Those who are fed up with bank fees are offering their tales of overdraft woe to regulators to encourage stricter guidelines for when and whether banks can charge them.
Banks often charge overdraft fees when customers attempt to take more money out of their accounts than they have available, rather than blocking the transactions. Consumers can get charged high fees for very small purchases and banks can process transactions in whatever order they see fit.
For instance, say a customer has a $20 balance. Her $100 paycheck clears on Friday, the same day she made five purchases worth $24. If the bank clears the debits before the credit, she could get hit with several overdraft fees -- one for each purchase that was made beyond the $20 level.
Each fee runs $34 on average, according to the Center for Responsible Lending, which is overseeing the campaign to email regulators. The center says that a new rule proposed by the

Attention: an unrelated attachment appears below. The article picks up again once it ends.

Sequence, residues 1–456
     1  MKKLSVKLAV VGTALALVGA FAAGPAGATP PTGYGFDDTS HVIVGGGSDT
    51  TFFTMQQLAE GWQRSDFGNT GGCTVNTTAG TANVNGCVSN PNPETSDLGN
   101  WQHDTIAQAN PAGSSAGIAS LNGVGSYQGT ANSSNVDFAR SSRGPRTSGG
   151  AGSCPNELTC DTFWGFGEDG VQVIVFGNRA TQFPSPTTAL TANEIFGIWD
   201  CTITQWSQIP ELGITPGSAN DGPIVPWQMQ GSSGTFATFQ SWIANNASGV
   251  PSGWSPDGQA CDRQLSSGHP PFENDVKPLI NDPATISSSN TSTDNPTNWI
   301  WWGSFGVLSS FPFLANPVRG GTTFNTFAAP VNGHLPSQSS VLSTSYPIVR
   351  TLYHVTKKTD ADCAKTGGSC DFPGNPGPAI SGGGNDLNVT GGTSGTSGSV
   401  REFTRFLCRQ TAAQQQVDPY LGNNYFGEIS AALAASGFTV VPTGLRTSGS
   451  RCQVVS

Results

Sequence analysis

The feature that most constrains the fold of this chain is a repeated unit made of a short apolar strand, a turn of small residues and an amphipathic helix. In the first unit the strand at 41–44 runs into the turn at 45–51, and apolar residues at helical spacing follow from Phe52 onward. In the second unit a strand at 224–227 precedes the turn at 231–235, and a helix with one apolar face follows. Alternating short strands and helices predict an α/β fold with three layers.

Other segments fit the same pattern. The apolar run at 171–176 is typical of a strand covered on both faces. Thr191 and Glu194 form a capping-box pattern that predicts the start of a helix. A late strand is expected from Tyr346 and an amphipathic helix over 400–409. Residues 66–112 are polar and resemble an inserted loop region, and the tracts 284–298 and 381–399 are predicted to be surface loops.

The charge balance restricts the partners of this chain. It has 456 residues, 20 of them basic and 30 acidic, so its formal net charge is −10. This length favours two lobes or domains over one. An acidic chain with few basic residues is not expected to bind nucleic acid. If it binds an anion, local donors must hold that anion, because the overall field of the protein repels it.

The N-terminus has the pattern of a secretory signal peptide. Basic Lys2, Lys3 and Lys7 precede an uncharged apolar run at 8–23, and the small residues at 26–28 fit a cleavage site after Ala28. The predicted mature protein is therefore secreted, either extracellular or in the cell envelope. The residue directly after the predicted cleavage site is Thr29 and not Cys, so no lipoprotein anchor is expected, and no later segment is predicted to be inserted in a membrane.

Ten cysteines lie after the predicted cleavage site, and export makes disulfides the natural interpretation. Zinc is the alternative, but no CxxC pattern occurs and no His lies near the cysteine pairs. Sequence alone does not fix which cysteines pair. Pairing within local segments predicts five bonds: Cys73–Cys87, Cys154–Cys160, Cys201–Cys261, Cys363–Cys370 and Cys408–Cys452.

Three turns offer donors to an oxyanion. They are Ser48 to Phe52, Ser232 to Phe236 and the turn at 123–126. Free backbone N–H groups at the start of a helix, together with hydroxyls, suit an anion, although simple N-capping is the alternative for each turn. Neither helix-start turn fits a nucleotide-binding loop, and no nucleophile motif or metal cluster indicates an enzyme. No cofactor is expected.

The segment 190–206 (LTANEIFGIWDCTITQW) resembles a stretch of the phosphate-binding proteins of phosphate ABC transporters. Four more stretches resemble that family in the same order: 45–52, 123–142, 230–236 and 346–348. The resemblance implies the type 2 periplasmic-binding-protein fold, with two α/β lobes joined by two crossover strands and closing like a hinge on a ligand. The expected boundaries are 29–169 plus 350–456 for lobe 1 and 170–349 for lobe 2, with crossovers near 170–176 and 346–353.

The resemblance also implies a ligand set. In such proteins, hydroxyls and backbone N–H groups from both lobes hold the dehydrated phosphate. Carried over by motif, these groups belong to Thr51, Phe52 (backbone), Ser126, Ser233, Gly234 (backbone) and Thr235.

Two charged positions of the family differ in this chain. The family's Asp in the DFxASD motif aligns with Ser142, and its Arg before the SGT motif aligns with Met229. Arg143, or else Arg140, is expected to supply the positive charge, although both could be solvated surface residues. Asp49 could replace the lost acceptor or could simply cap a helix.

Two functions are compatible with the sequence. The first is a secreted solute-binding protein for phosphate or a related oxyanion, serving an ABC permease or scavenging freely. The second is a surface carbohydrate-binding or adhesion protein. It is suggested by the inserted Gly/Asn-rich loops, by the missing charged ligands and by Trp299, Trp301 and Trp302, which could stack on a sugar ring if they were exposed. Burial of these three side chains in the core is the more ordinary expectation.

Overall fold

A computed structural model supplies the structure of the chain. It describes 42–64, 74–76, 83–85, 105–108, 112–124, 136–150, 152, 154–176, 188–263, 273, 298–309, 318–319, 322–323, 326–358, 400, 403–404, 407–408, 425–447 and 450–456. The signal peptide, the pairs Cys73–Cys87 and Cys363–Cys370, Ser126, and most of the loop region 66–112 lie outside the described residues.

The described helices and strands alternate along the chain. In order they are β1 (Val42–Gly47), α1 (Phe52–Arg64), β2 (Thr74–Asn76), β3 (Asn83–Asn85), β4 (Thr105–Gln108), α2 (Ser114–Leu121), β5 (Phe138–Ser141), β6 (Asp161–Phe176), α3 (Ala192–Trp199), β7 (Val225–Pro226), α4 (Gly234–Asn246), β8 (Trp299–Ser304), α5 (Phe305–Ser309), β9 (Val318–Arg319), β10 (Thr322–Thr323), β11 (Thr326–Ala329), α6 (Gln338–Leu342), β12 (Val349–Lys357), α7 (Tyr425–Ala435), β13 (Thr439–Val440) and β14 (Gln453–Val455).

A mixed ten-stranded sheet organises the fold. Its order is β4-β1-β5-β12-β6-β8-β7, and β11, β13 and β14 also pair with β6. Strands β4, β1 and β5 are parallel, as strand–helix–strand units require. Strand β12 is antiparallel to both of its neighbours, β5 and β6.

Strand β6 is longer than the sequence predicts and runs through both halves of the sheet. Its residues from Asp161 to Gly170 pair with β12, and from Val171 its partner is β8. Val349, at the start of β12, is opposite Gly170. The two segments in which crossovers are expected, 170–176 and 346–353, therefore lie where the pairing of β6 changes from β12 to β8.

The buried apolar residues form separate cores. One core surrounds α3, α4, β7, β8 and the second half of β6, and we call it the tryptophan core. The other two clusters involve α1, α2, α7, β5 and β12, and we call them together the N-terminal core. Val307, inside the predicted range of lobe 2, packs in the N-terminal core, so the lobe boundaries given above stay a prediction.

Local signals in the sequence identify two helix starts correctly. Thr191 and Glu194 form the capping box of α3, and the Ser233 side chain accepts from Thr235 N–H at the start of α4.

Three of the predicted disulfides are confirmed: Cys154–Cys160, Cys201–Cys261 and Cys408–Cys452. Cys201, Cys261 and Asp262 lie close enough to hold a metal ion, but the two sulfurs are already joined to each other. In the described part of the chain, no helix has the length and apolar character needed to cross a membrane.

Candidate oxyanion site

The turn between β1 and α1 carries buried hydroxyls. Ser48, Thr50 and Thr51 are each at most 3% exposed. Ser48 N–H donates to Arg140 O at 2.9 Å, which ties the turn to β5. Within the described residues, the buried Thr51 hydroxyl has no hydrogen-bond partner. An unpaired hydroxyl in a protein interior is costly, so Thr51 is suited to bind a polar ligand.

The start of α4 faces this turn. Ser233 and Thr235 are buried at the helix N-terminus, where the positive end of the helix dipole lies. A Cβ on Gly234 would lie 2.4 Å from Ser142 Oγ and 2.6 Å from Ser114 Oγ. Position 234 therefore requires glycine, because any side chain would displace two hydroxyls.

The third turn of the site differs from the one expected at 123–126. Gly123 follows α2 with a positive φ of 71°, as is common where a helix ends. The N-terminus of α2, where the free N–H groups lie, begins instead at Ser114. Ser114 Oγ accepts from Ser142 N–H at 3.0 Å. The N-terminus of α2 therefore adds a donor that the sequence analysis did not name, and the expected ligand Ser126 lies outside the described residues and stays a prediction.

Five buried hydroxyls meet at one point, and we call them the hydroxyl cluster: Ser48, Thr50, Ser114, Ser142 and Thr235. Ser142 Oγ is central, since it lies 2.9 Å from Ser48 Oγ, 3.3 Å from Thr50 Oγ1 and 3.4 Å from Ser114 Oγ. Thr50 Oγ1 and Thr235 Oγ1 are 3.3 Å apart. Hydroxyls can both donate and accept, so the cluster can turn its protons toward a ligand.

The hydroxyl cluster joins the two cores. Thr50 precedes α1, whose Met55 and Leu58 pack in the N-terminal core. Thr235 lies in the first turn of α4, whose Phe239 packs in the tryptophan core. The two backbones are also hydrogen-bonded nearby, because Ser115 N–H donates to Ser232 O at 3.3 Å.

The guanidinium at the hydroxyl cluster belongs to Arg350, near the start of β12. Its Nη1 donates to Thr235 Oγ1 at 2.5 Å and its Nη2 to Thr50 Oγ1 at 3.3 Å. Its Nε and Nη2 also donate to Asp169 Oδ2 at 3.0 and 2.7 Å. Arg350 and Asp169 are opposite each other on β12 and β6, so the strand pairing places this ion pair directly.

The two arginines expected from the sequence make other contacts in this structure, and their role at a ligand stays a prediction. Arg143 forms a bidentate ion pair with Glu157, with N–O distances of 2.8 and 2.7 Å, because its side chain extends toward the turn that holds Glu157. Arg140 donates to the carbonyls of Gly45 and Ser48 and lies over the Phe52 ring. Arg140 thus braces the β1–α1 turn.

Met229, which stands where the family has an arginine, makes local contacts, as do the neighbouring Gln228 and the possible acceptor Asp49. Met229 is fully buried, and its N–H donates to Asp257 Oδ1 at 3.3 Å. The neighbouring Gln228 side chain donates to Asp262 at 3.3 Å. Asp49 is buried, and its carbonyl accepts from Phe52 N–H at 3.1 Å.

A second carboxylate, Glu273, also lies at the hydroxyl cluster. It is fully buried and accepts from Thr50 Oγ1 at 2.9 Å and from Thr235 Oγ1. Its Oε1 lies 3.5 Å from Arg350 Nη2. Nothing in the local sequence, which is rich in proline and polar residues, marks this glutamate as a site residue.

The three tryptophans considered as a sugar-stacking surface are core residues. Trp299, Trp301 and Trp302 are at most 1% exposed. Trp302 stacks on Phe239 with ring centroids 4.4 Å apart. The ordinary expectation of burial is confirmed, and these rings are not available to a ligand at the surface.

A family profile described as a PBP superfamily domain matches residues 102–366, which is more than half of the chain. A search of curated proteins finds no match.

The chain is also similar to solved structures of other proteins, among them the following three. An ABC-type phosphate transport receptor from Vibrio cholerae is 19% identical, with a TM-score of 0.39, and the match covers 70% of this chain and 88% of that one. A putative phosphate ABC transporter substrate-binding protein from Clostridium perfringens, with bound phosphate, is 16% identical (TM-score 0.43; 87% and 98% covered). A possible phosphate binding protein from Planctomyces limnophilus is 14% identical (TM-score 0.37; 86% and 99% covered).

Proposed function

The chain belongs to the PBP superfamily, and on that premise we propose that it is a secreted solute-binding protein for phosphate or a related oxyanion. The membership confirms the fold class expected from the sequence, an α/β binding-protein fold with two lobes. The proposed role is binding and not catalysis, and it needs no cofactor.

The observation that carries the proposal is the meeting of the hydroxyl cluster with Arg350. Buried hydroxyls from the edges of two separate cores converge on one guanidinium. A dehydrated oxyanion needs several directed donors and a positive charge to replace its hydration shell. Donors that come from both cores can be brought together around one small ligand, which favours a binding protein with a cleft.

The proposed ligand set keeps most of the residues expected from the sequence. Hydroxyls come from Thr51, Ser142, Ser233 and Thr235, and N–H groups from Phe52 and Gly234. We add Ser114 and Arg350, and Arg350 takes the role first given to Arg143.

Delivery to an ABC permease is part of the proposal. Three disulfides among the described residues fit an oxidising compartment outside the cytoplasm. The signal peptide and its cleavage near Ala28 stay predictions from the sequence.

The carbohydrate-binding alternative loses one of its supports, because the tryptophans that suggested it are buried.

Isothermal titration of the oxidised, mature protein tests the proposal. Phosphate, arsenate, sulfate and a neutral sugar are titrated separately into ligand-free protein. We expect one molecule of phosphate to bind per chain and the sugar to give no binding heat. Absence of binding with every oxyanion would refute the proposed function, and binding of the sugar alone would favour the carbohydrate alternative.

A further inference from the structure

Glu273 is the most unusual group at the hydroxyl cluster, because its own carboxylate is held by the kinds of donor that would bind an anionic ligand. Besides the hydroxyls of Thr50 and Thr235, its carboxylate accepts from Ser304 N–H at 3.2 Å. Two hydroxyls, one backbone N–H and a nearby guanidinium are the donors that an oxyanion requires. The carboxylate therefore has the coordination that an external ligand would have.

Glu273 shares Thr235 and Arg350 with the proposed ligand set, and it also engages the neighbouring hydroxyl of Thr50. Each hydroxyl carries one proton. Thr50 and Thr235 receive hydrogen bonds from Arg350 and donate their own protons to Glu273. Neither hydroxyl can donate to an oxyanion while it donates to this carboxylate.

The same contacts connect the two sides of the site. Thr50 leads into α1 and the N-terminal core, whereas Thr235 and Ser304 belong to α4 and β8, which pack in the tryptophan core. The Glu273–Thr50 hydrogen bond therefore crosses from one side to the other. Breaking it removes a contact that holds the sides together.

that would allow consumers to opt out of overdraft programs doesn't do enough.
"Banks can intentionally maximize the overdraft fees you pay by automatically approving debit card purchases that throw your account balance into the negative and by manipulating their debit-clearing systems," the center said in a statement. "At the least, the Fed should make them get your approval before charging you these fees."
Federal banking regulators
the overdraft rule as part of a set of standards to protect consumers from fees, sudden interest-rate hikes and a practice known as "double-cycle billing," in which a company charges interest on debt that has already been repaid. Congress is also considering more comprehensive legislation that would make changes to interest rates, fees, billing, payments and disclosures.
It's unclear how regulations will ultimately shape up, so it's important for consumers to be
about their spending and their bank's rules.
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